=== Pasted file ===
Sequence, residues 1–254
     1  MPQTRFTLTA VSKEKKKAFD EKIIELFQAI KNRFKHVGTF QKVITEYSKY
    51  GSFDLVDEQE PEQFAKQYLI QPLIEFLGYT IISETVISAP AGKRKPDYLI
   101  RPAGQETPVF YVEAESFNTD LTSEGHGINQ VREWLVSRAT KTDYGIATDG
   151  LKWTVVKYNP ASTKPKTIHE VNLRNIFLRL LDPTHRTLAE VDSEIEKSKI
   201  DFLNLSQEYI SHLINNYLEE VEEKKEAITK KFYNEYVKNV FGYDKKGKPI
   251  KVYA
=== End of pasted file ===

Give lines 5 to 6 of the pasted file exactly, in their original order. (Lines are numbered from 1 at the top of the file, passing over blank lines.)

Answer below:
   151  LKWTVVKYNP ASTKPKTIHE VNLRNIFLRL LDPTHRTLAE VDSEIEKSKI
   201  DFLNLSQEYI SHLINNYLEE VEEKKEAITK KFYNEYVKNV FGYDKKGKPI